Defining the Death of Infected Tissues
Sometimes, despite your best efforts, your skin may not always heal properly from a skin condition like cellulitis. When infected skin tissues die, it is called necrosis. The majority of skin infections can be cleared up with treatment but occasionally, a bacterial infection can cause improper blood flow to the wound. The edges may die because of lack of blood circulation.
The antibodies and white blood cells cannot get to the bacterial infection to help clear it up when the surrounding cells start dying. Sometimes, this bacterial infection can get out of control, spreading throughout the body. Some people unfortunately die when the infection spreads. This is necrosis at its worst.
Some skin infections that necrotize can delve deep into the skin and along the muscle surfaces. This muscle, also called fascia, can become infected too and is then called necrotizing fasciitis. Necrotizing cellulitis can form when the infection spreads to the outer layers of the skin surface. There are a variety of bacterial strains that can cause necrosis such as clostridia and streptococcus. While the streptococcus is more well-known due to the panic of flesh-eating bacteria, it is actually on equal footing with other bacteria.
Where Necrotizing Infections Can Occur
Necrosis can occur with skin infections that start from cuts or puncture wounds, especially those that might have debris in it. This debris is the likely cause of the skin infections that turn into necrosis. In addition, some infections occur from incisions during surgery, especially when the procedure occurs around the intestinal area. The infection could occur from bacteria that escape from the intestinal area. Of course, there are occasions where those bacteria could cause infection to the internal organs or even the blood.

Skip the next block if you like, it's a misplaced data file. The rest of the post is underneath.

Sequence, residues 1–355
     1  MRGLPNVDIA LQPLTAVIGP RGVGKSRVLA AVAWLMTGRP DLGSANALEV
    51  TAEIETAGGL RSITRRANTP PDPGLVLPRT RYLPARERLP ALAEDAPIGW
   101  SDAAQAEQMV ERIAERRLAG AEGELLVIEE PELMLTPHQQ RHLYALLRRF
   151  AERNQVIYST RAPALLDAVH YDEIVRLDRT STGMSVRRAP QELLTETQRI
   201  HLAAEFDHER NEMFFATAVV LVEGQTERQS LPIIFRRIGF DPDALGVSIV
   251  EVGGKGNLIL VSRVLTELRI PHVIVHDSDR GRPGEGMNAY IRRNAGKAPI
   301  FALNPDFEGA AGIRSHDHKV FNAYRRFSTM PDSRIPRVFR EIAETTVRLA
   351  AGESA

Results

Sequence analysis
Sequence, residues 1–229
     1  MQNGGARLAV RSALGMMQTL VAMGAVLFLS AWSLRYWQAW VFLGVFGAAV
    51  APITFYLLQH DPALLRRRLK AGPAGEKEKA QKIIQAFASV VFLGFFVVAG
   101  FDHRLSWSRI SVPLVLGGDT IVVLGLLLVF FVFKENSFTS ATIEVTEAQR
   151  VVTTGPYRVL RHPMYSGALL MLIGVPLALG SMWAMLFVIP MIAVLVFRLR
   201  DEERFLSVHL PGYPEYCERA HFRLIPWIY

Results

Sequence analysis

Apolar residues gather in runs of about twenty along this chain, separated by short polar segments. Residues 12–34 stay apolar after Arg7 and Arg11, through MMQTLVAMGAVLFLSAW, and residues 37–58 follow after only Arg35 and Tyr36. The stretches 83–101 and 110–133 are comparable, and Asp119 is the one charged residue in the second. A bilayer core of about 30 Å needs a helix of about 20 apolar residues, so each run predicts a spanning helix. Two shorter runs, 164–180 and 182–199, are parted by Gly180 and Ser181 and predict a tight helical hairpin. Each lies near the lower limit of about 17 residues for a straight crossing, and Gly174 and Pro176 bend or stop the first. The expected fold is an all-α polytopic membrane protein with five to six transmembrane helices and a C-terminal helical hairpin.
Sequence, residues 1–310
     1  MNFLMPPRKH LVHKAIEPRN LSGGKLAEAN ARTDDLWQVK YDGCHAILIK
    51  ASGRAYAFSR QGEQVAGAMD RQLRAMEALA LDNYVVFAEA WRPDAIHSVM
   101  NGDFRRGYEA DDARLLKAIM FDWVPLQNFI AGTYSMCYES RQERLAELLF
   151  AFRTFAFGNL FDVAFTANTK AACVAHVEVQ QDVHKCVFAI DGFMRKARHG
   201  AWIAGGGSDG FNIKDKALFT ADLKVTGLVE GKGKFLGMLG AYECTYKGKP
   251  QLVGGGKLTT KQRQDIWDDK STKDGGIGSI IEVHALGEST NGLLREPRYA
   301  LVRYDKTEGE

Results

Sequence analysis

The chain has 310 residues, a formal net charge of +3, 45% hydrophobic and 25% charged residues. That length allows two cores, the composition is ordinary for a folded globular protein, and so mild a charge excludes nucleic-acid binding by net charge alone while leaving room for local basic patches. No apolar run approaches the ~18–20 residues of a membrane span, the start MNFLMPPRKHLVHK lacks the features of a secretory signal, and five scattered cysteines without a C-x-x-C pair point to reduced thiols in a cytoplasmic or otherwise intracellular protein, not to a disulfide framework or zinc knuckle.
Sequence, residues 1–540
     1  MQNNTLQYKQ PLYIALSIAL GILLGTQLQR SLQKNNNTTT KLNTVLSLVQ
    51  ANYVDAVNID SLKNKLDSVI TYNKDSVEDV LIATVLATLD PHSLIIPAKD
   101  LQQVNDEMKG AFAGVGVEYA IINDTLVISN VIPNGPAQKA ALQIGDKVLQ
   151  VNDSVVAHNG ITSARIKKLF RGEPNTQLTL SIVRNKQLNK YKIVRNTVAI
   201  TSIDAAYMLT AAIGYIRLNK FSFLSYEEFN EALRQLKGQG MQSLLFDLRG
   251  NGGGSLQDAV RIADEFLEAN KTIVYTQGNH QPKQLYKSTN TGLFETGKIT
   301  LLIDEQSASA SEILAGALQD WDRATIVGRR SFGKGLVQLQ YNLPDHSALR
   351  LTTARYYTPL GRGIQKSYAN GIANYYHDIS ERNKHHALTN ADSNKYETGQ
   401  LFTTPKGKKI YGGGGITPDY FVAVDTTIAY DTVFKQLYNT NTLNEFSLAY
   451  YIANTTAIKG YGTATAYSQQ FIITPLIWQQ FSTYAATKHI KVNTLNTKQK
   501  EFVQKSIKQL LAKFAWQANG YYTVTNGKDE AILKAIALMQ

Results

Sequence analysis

Symptoms often start as the skin infection itself like cellulitis. However, when it progresses, the affected area looks pale at first glance but is quite warm to the touch and turns red. The area may also become swollen and inflamed. Blisters then form around the area and also turn purplish in color. The blisters fill with a foul smelling fluid and are discolored.
The skin area becomes gangrenous (dead) and black in color. Certain bacteria that cause necrosis can produce a smelly gas as well in the death of tissue. Clostridia are just one of them. By this time, the nerve endings in the necrotic skin die off and there is no sensation in the area. Fever, chills, fast heart rate and delirium can result from necrosis setting in. Blood pressure can drop due to the infection coursing through the blood stream and the body can go into septic shock.
Treatment for skin that is dying is IV antibiotics as well as the removal of the dead tissue via surgery. Amputation may occur or chunks of muscle may be lost along with skin and other tissue in order to put a stop the necrosis. Some people with necrosis may benefit from being placed in an oxygen chamber under high pressure too.